Note: Dinners will be held at 6:30pm
We are three months into the New Year, so my brother, as we continue on with our work, ask yourself, “Am I giving my best to my brothers? Am I helping my brothers receive more light? Am I setting the example of what a good Mason is supposed to be? Am leaving a positive legacy?
We can claim “we love masonry, we love our lodge, everything we do is for the craft.” If that were completely true, we would have complete harmony among all and newly raised brothers would be overwhelmed with information. We would feel totally satisfied with all we do. Utopia would be at hand.
However, such perfection probably isn’t possible. We are all human, after all, and we all experience moments of uncertainty, those times when we aren’t at our best. It’s during these times that our character is defined. If we truly want the best for our lodge, occasionally ask yourself, “Do any of my actions impede or downgrade the experience or masonry for myself or another brother? Are we destroyers of peace and harmony?”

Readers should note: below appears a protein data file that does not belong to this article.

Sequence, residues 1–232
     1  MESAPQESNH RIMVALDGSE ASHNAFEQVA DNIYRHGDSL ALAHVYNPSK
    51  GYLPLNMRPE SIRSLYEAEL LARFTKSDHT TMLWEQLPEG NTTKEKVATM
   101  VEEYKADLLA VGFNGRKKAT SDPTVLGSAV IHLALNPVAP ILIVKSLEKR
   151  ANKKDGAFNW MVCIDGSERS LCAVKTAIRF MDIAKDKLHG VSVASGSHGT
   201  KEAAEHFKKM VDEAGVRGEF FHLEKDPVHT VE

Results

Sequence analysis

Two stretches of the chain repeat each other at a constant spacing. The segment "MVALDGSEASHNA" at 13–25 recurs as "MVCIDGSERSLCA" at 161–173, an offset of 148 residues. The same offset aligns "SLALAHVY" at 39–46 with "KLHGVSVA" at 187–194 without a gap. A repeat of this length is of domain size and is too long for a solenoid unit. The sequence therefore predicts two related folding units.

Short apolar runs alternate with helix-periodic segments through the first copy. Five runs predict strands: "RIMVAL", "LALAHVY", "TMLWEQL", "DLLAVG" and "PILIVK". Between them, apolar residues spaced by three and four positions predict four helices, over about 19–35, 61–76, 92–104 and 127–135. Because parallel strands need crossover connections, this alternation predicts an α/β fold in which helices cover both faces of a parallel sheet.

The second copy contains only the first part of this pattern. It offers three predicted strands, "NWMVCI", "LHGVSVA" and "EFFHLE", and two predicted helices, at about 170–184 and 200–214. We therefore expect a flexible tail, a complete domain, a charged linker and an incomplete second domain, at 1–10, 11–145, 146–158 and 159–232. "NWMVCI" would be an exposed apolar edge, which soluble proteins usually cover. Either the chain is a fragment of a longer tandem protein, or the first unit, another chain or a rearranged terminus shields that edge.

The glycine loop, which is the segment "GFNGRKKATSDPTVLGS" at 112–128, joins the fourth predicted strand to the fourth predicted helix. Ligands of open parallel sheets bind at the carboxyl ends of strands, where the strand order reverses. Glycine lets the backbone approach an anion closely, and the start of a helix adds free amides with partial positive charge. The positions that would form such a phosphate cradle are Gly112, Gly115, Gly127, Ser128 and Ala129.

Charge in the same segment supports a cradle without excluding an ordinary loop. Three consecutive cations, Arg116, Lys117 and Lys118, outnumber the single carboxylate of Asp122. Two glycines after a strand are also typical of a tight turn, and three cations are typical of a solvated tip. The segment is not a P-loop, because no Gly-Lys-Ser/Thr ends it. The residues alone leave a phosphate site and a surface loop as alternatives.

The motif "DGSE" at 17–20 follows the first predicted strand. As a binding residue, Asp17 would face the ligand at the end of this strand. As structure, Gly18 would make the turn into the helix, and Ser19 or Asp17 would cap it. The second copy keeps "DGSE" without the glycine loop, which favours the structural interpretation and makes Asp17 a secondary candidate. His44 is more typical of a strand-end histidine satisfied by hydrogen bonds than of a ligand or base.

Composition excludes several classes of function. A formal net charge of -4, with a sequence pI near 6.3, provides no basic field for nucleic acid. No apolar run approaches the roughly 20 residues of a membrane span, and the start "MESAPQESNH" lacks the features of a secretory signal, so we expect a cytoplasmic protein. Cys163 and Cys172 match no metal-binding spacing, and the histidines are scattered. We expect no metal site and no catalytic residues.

1. Do I attend regularly?
2. When I do come, do I come late or at the last minute and then leave early?
3. Is it good to tell an officer’s failings to visitors and or other brothers?
4. Do I fail to participate in ritual or be an officer, but then criticize those that do?
5. Do I talk and listen to all of my brothers, or just a select few?
I am delighted to report that Brother Greg Mannarino will be stepping up to lead the Vegas 32 Masonic discussion group. We have several presentations pending, so there is a lot of light coming our way. Stayed tuned for details, but we will be on track for April.